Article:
Is there a Connection for Brittney Griner to Disability, Sports and Ableism?

By Leroy F. Moore Jr., Krip-Hop Nation

LOS ANGELES — As a Black disabled activist, an athlete that competed in the 1988 Paralympics in Seoul, South Korea and the son of a former NFL player, I have closely followed the case of Brittney Griner.

I have one question: Is there a connection for Ms. Griner to disability, sports and ableism? Has the WNBA star been using medical cannabis for “severe chronic pain”?

Could it be a disability case because without her medical cannabis it would be very hard for her to continue to play basketball.  Has this disability viewpoint entered the public argument?  In testimony at her trial, Griner described injuries to her spine, ankle and knees, some of which required her to use a wheelchair for months, according to Reuters.   

So far, in the articles I’ve read she has not identified herself as disabled. This could be a possible segue into ableism and the internalized ableism of athletes.

When I was an athlete, cannabis was not legal. However, I used everything that was legal for the soreness and pain every time I got off my racing bike or off the court from wheelchair soccer. There’s a TUE (Therapeutic Use Exempt) in Olympic and Paralympic competitions for drugs that are on the banned list and very illegal

Using a TUE means the athlete can use the drug, even if it’s banned and illegal and compete in sport without any repercussions.  I just heard from another Paralympian and she told me that another Paralympian is getting a TUE for Marijuana.

I remember listening to my father’s stories of how grown men would tear up after a football game because of the pain from their injuries that ranged from popping bones out of socket like knees, hips, collarbone to broken bones, pulled muscles etc.

Retired NFL athletes, like my father, have continued to bring cases of their disabilities from the game for compensation of their medical bills to the NFL.  When my father was playing, he tried hot tubs, rubdowns, Epsom salt baths and many other ways to take away the pain so he could play the next weekend.

I’m suggesting that internalized ableism has prevented athletes from self-identifying as disabled and thus not allowing them to have access to the protections. This could be a major element of Griner not being identified as disabled.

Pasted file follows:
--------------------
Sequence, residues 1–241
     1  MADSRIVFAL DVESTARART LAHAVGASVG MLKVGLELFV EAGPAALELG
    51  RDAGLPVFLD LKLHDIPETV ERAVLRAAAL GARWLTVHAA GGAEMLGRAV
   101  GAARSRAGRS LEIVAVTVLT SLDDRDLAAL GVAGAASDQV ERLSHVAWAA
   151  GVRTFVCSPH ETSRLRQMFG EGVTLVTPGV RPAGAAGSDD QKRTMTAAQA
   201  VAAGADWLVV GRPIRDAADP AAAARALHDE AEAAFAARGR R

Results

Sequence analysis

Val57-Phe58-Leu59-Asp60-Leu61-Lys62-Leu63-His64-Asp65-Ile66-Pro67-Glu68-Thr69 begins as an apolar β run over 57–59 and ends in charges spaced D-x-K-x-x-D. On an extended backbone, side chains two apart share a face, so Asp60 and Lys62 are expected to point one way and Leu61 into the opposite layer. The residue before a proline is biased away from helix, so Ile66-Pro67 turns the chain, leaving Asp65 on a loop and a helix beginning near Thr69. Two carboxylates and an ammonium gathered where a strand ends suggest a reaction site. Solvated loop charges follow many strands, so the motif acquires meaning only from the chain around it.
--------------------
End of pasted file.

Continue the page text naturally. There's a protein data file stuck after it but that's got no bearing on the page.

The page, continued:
But if she was free to identify as disabled then maybe the CRPD may have been an opportunity to support her case. Going on with that possibility, there could be a connection between sports, disability & Griner’s case on the legal side by bringing the Convention on the Rights of Persons with Disabilities (CRPD) Article 30 to her case that says:

Participation in cultural life, recreation, leisure and sport that States Parties recognize the right of persons with disabilities to take part on an equal basis with others in cultural life, and shall take all appropriate measures to ensure that persons with disabilities:

With a view to enabling persons with disabilities to participate on an equal basis with others in recreational, leisure and sporting activities, States Parties shall take appropriate measures:

To encourage and promote the participation, to the fullest extent possible, of persons with disabilities in mainstream sporting activities at all levels….

In 2012, Russia ratified the United Nations Convention on the Rights of Persons with Disabilities (CRPD).  So, have the lawyers of Griner used this perspective?  Is there a double-edged sword to use the disability angle because in sports if you are on “the disabled list” that has been recently changed to “Injured list” then you are not active as an athlete until you “heal up”.

But we all know many athletes played with injuries/disabilities.  To say the above, is there room and support of Griner to frame her pain into a disability perspective today?  

We can look at the public and sports obstacles that many pro athletes who were outspoken about their disability like pro golfer, Casey Martin who attempted to use a golf cart only after he used the ADA reasonable accommodation clause.

He was told over and over he couldn’t use a cart and that’s when he started to disclose his disability. Both Martin and Oscar Pistorius, the double amputee runner that wanted to compete in the Olympics had to take legal action to hurdle the ableism in sports.

Even in the Olympics when track runners who ran on blades all had to go to court and get public support to push the pro sports arena to let them compete in their sports. Because of this struggle, I can see why the disability element or coming out as an athlete with a disability is still not welcome or makes their sport’s career harder.

So, we can see ableism in sports mix can with internalized ableism brought on by the lack of openness in professional sports keeping not only athletes to come out as disabled and also to use legal and human rights protection in sports.  

Unfortunately, professional sports only value some bodies and not others and how athletes get caught up in that so they won’t disclose disabilities and thus don’t get support, legal support to alleviate the pain and use the laws and human rights like CRPD that is not a law, it’s not binding, it’s a human right document to support themselves.

Leroy F. Moore Jr, is a co-founder of Krip-Hop Nation. He can be reached via email at

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